A Dolphin Debate in Hong Kong

By Ric O’Barry
Dolphin Project

My trip in Hong Kong, sponsored by Unity Investments Holdings Ltd. and organized by AIESEC LC HKBU: Make a Change to the World, has been quite a whirlwind of meetings and speeches.

I’ve talked with students, teachers, the media, and several different audiences.  I’ve even joined the group for a cruise to see the lovely pink dolphins of Hong Kong, beautiful animals that live on the margins of a very polluted city.  Fortunately, they have many friends here in town who are working to clean up the area.

Ric talks to the media in Hong Kong on a trip searching for the pink dolphins.

But one of the most important moments came on Friday, when I met and debated dolphin captivity with Dr. Allan Zeman, owner of Ocean Park, a dolphinarium in Hong Kong that has tried to remove wild dolphins from the Solomon Islands among other places.  Dr. Zeman agreed with me about the problem of the dolphin kill in Taiji, and he even agreed to join me this coming Sept. 1st to go to Taiji to see a dolphin slaughter.  You can see a bit of our debate in this clip from ATV News in Hong Kong:

I did some commentary on Dr. Zeman and our debate on a street in Hong Kong, on my Ustream channel:

Today, I visited a street in Hong Kong that sells all kinds of animals for food and medicinal purposes.  Items for sale include shark fins, manta rays, and all manner of other species that should be protected.

I also did a bit of anti-captivity work at the Hong Kong Yuen Po Street Bird Garden:

Video by Vriko Kwok, AIESEC LC HKBU: Make a Change to the World.

I head for home tomorrow, but wanted to again thank all the students who worked so hard to make this week a success, especially my friend Vriko Kwok.  She has been a wonderful host.

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About Ric O'Barry

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Ric O’Barry, Dolphin Project Founder & Director has worked on both sides of the captive dolphin issue, making him an invaluable asset in the efforts to end exploitation. He worked for 10 years within the dolphin captivity industry, and has spent the past 40 working against it.

In the 1960s, O’Barry was employed by the Miami Seaquarium, where he captured and trained dolphins, including the five dolphins who played the role of Flipper in the popular American TV-series of the same name. He also trained Hugo, the first orca kept in captivity east of the Mississippi. When Kathy, the dolphin who played Flipper most of the time, died in his arms, O’Barry realized that capturing dolphins and training them to perform silly tricks is simply wrong.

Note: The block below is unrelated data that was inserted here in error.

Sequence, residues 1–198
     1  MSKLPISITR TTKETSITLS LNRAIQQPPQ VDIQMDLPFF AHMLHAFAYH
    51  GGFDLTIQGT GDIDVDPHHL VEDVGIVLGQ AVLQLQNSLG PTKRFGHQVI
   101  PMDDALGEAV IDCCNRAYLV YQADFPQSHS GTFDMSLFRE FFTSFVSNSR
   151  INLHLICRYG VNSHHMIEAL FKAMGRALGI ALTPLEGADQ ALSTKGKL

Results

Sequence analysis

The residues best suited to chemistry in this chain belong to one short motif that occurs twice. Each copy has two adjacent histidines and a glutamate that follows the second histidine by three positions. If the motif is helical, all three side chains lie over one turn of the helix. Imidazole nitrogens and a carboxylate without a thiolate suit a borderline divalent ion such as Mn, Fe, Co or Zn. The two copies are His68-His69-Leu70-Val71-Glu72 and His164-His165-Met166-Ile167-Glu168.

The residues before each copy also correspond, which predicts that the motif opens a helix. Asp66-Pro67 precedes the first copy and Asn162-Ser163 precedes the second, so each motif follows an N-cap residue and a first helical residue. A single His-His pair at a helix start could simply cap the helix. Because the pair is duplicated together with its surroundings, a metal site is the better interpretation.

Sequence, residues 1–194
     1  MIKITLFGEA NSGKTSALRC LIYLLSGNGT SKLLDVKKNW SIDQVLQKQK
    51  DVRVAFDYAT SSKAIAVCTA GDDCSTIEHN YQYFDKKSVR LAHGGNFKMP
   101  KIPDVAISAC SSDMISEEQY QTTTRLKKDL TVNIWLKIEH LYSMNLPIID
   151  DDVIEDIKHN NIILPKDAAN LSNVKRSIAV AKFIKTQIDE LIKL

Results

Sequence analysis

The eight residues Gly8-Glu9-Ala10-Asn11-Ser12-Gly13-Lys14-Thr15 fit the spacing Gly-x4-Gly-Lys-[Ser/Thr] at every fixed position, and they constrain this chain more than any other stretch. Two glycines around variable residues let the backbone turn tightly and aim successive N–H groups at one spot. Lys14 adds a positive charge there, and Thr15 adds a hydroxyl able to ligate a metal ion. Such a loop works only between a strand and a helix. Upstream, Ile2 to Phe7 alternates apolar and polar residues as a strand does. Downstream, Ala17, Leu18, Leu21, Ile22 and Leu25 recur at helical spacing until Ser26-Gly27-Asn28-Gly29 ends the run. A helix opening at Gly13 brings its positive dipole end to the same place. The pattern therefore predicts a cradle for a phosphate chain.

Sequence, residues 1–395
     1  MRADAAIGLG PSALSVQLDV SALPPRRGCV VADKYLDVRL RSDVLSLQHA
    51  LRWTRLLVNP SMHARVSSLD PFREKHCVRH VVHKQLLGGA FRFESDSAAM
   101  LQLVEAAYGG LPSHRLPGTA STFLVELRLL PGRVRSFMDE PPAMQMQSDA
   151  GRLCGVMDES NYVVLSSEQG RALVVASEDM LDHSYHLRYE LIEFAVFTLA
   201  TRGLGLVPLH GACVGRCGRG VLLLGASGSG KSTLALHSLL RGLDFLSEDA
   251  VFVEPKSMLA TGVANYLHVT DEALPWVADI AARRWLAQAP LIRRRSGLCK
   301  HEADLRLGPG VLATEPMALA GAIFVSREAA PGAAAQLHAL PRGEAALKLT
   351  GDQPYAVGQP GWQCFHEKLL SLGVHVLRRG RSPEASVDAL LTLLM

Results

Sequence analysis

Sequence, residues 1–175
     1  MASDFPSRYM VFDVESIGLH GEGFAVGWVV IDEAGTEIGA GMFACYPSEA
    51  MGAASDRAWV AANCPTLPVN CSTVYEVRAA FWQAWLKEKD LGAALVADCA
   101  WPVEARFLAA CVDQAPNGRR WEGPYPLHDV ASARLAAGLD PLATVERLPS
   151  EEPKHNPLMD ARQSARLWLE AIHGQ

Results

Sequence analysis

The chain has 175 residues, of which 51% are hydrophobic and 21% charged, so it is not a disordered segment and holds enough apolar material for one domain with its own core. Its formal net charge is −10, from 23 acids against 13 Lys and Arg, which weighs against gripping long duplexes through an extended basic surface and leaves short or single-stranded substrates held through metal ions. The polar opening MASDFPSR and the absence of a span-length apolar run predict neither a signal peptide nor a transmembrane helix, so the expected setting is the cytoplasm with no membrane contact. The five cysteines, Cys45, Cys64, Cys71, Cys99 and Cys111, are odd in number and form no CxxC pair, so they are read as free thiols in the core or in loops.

From that moment on, O’Barry knew what he must do with his life. On the first Earth Day, 1970, he launched a searing campaign against the multi-billion dollar dolphin captivity industry and has been going at it ever since.

Over the past 40 years, Ric O’Barry has rescued and rehabilitated dolphins in many countries around the world, including Haiti, Colombia, Guatemala, Nicaragua, Brazil, the Bahamas Islands and the United States. He is a leading voice in the fight to end brutal dolphin hunts in Japan, the Solomon Islands, the Faroe Islands, and wherever else they occur.

O’Barry has been recognized by many national and international entities for his dedicated efforts, such as being voted Huffington Post’s 2010 Most Influential Green Game Changer, and being listed on O Magazine’s 2010 Power List – Men We Admire for his “Power of Passion.” O’Barry received an Environmental Achievement Award, presented by the United States Committee for the United Nations Environmental Program. He has done countless interviews with such prestigious news programs as Larry King Live, Anderson Cooper 360, the Mike Huckabee Show, and the Oprah Winfrey Show.

His book Behind the Dolphin Smile was published in 1989; a second book, To Free A Dolphin was published in September 2000. Both of them are about his work and dedication. He is the star of the Academy Award-winning documentary The Cove and the Animal Planet television series Blood Dolphin$.

Author: Ric O'Barry


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